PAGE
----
Small as they are, insects have long been a source of amusement and information for scientists because of their behaviour. Through observation, insect patterns can help people predict or understand coming weather changes.
Cold Weather and Sexual Activities of Bugs
Jose Bento, an entomologist at the University of Sao Paulo, Brazil, and his team of researchers discovered that atmospheric pressure can affect the work and procreation of insects. According to the researchers, they observed that the insects in their experiments could not work very well and decrease much of their activities before it rains. They posit that insects react to atmospheric conditions like humidity, light, and temperature to protect themselves.
The behavioural response was not just limited to work as it was evident in copulation, too. The researchers also discovered that male beetles were less responsive to females when temperatures dropped. They also skipped usual courtship and went straight to copulation before a deadly storm.
Stocking Up Food Means Cold Days are Coming
The famous Aesop fable of the ant and the grasshopper talks about an ant that tirelessly spends summer days gathering food as preparation for the cold weather ahead. This reflects ant behaviour in reality.
Researchers from Stanford Junior University found that ants are driven mainly by changes in the weather. This explains why some households notice ants in their kitchen and other parts of the house during some seasons, only to disappear on other days.
Other animal and insect species behave in the same way. Squirrels — also considered pests — stockpile food for the cold days very much like the ant.
The Argentine ant invasion in Californian homes occurred during the winter and summer when the soil was either too wet or too dry. Researchers investigated households with known ant infestation and recorded whether insecticides were used. Households used different ways to deter ants, such as home insecticides or plain soap and water, but ants still found their way inside.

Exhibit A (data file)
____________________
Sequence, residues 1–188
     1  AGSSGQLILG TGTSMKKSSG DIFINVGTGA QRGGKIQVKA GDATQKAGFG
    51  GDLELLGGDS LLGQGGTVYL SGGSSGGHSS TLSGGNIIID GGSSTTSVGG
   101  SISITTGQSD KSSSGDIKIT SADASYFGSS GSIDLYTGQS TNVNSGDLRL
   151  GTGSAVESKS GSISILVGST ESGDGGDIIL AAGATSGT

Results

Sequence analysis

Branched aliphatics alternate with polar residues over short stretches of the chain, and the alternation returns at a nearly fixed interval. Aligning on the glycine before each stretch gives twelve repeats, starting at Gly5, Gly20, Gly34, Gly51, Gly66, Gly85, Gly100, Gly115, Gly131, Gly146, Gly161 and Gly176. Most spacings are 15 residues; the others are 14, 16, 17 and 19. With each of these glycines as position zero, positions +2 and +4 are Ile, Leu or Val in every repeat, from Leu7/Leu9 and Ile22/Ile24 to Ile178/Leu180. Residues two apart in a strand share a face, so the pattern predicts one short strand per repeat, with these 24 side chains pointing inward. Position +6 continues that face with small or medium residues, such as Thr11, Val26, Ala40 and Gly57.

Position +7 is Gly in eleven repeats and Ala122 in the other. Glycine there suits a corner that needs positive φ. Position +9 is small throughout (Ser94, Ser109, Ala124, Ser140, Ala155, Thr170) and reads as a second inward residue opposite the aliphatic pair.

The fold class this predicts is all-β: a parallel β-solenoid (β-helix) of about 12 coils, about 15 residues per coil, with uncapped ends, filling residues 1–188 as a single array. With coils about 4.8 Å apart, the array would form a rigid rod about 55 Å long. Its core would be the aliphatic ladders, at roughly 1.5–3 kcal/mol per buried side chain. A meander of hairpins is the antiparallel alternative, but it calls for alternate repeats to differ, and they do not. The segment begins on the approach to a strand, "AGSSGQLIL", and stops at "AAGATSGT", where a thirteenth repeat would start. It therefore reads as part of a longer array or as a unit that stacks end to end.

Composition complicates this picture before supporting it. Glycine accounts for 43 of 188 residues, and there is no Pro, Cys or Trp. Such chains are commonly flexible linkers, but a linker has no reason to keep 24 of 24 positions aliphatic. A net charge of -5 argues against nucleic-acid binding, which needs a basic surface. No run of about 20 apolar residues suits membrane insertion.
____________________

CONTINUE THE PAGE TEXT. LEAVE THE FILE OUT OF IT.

Their invasion of homes was affected, however, by changes in the temperature and weather. When it was too hot in the summer months or when it was too cold during winter, the number of ants found in the households increased.
In such cases, you will need ant control to help keep insect population growth from thriving in your cupboards and other corners of your home.
Migration and Hibernation During Winter
Many animal species migrate in the period leading up to winter. Inhospitably cold weather is not the only reason pests migrate during winter — a lot of them are actually searching for food. Farmers often notice that crop insect pests magically disappear when the weather starts to get chilly around autumn and in the early days of winter.
There is a great chance that pesticides have nothing to do with their disappearance — rather, their hungry stomachs and survival instincts explain their leaving en masse. When northern farmlands experience cold days without pests, it is because these critters have migrated to southern parts of the country or warmer parts of the globe.
Not all pests can migrate during the winter since they are very small and may not survive the toll of travelling. Surprisingly, though, they still disappear once the weather gets cold. Another way they can preserve their lives during the cold months is through hibernation or extending their current metamorphosis stage. Even if the surface of the earth is freezing, it is still warm underground.
Examples of insects that hibernate as adults are the ladybird beetles, wasps, honey bees, and some butterfly species.